Choosing Among Multiple Offers of Admission

Round Two business school decisions have come pouring in and some MBA applicants face not just two, but three or more offers of admission from their target schools.  Despite the adage, “You can never have too much of a good thing,” in reality, multiple b-school acceptances can produce a lot of anxiety in candidates.

If you find yourself with this enviable problem, consider the following when weighing multiple admissions offers. Forget about rankings and reputation and think long and hard about the other particulars of each school, such as size, academics or location

Does your desire to live in an urban setting outweigh a preference for a smaller class size? Is there a financial incentive that puts one school in the lead? Is the diversity of the student body important? Is the academic focus on case studies, or more experiential?

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You might not have had a strong preference before, but you should tally up the different characteristics to see which way the wind really blows.

If you haven’t already visited the campus as part of your application process, now’s the time to do so. Sit in on a class, chat with students and professors, hang out on campus and generally soak up the atmosphere. This is where you’ll be spending the next two years of your life, so making sure the program is a good fit for you academically and socially is imperative.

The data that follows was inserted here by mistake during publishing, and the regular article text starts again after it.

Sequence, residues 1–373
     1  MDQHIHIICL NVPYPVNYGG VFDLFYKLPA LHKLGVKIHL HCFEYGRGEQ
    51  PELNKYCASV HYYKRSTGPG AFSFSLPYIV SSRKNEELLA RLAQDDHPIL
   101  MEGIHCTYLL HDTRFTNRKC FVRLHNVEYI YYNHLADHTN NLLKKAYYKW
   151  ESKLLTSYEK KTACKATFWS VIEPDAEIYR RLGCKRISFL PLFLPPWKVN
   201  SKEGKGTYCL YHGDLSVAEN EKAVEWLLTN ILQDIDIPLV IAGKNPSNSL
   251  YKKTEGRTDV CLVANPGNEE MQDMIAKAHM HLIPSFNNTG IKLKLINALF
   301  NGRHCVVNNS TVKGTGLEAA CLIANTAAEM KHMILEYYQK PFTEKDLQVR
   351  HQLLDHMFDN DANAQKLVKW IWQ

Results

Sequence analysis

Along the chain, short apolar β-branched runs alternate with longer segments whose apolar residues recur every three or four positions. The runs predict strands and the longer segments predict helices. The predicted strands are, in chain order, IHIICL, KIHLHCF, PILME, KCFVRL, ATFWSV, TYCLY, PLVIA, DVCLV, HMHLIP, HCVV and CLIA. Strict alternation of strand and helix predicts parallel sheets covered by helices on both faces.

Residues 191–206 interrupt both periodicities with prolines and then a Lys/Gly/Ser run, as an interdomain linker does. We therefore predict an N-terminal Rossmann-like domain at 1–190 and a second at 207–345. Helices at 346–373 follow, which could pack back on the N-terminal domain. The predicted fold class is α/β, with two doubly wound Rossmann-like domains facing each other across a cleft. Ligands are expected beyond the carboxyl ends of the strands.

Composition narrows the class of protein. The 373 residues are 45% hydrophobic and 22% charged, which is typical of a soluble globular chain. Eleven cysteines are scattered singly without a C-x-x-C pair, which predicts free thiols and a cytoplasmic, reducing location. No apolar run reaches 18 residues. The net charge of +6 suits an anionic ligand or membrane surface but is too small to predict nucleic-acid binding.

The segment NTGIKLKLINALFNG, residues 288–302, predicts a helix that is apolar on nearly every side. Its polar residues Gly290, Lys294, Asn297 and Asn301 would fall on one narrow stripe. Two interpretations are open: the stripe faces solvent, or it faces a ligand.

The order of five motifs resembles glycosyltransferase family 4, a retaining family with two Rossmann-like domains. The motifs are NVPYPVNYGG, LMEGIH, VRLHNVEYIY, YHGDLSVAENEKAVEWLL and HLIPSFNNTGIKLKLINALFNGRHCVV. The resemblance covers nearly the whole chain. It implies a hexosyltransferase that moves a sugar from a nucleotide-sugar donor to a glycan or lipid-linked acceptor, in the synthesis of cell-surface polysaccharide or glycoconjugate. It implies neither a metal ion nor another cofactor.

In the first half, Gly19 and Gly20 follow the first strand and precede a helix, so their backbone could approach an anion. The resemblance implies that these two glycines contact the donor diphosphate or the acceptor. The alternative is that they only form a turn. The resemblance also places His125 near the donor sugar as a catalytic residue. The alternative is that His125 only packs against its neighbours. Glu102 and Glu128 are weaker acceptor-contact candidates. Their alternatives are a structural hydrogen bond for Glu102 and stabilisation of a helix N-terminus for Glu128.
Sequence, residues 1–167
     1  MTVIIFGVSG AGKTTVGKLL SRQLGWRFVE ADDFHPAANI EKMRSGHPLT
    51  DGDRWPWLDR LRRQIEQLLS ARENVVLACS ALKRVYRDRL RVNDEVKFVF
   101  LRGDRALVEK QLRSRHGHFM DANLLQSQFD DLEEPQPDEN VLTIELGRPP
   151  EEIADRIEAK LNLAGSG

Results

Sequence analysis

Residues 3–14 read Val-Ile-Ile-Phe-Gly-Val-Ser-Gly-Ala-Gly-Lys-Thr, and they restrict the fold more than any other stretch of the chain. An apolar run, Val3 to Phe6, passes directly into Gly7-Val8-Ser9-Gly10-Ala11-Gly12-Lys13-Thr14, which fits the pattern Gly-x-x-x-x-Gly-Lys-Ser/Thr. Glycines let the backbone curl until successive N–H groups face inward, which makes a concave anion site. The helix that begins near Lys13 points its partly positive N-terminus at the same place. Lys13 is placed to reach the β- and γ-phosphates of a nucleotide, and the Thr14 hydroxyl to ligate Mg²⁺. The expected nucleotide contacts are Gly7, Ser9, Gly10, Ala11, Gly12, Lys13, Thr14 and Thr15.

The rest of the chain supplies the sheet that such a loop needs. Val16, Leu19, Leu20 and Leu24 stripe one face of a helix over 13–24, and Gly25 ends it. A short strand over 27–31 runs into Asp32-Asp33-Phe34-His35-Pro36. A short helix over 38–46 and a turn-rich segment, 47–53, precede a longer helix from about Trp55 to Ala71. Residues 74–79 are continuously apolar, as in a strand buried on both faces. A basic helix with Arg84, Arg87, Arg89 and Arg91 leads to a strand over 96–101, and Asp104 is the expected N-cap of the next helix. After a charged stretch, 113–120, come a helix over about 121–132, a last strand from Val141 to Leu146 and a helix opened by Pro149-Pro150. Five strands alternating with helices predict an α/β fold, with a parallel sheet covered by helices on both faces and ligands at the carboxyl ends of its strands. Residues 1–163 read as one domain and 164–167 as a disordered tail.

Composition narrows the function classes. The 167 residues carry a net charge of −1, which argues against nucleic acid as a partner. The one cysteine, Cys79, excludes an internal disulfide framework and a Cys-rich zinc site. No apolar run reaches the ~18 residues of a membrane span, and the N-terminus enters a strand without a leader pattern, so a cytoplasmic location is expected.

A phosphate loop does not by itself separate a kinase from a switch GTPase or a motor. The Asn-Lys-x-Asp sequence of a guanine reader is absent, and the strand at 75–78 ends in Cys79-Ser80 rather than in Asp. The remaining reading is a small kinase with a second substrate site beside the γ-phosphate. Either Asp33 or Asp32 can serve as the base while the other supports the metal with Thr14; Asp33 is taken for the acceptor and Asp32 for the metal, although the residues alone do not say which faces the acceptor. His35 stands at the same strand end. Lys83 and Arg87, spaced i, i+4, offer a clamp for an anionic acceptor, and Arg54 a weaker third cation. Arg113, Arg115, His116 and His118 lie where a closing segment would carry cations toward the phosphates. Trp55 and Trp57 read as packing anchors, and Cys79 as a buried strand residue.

Even if you have already toured the school, consider visiting again to attend events designed for admitted students so you can scope out your potential classmates. Fit is very important, and these people will become a part of your future network, so it makes sense to test drive your comfort level with them prior to committing. After all, if you just don’t  click with them now, how will you make those solid relationships that will serve you throughout your career?

Talking to alumni is another great way to guide your decision. Make sure the school graduates people who are working in your target industry, and who are excited about sharing their experiences and advice with current students.

The decision of where to pursue an MBA is a weighty one, so do your homework and understand the strengths and potential drawbacks of each of your options. But in the end keep in mind that there’s rarely a “wrong” choice to be made.

If you are looking for guidance on your MBA application, follow the discussion group.
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